UBC Theses and Dissertations
Real-time computer recognition of handprinted characters Chui, Timothy Loong-kei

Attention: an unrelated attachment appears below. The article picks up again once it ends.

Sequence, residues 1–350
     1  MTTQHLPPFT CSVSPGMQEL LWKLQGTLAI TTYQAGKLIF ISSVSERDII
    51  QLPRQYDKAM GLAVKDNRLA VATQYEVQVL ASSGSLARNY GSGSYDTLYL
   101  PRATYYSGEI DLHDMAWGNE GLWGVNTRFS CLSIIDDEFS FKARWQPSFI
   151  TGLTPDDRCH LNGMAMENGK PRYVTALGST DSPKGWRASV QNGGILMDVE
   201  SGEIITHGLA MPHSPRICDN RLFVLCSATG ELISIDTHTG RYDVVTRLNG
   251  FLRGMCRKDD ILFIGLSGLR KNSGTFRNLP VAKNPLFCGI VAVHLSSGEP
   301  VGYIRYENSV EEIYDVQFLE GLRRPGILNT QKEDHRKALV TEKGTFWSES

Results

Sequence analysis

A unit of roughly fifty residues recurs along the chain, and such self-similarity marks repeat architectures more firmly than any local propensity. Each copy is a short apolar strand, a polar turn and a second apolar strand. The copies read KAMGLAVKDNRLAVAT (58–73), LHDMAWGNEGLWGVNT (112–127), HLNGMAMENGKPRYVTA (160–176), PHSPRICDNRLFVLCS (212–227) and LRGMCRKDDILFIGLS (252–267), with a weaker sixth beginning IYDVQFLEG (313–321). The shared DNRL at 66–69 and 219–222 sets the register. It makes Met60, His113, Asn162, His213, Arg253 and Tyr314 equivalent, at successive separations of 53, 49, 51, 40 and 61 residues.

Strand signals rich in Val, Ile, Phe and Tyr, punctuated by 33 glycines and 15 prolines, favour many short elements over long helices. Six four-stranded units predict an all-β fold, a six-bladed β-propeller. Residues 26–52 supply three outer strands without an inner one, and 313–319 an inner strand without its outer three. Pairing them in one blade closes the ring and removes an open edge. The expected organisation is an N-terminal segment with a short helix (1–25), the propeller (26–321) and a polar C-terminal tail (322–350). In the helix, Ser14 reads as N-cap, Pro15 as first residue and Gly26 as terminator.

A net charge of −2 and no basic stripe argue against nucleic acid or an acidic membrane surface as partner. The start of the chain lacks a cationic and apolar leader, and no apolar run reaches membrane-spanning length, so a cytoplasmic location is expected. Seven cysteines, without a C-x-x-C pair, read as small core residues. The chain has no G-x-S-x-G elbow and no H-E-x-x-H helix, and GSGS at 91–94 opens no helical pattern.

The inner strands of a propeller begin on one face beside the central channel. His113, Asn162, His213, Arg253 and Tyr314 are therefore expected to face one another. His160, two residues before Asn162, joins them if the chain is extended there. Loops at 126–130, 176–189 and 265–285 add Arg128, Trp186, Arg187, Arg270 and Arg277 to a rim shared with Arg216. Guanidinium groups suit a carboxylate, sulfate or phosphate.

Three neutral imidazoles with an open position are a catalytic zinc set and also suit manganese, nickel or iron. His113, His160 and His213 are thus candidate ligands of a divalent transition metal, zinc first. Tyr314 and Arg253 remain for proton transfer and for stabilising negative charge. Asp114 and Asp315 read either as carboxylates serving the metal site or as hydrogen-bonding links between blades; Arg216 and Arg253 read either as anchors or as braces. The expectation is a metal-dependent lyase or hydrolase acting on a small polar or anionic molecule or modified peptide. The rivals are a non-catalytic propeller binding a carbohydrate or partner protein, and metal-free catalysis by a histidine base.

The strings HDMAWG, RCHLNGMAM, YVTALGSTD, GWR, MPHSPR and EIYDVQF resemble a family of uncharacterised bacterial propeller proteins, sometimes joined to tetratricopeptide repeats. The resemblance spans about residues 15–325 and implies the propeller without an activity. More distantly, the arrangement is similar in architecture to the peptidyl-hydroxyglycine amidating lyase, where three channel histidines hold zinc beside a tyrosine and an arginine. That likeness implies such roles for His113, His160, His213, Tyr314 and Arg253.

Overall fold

A real-time character recognition system was developed to recognize upper case handprinted characters in a real-time small machine environment. The recognition system consists of two major components: namely, a data acquisition system and a pattern recognition system. The data acquisition system was designed and implemented to allow the real world data flow into the computer from a COMPUTER writing tablet in real time. The pattern recognition system was also designed and implemented to yield a decision on the input character in real time (user time). A curve optimization technique originally devised by Reumann and Witkam was modified to extract only the significant data that describes a character. Computations were minimized through mathematical simplifications, hardware-software trade-off, and special programming techniques at the machine level. In addition, the preprocessor operated concurrently with the data acquisition routine to reduce data storage requirements as well as to-provide fast response to handprinted inputs. A non-uniform quantization plane was proposed and implemented to discriminate pen directions. Stroke patterns of a character were recognized using a syntactic approach. Finally, recognized stroke patterns within a character were classified as one of the known pattern classes by two classification methods: dictionary look-up and a modified nearest neighbor rule, both guided by special geometric measurements on some character pairs. Character patterns were defined in the dictionary such that no user training or personalized dictionary is required for future use. A test was conducted using the ACM proposed upper case handprinted character set and a recognition rate of 98.3% was obtained from over 2300 characters of sizes varying from 1/4 inch tall to 3/4 inch tall from 10 people. It Is observed that the approach taken in this thesis can also be applied to recognized handprinted patterns other than the standard one proposed by the ACM.
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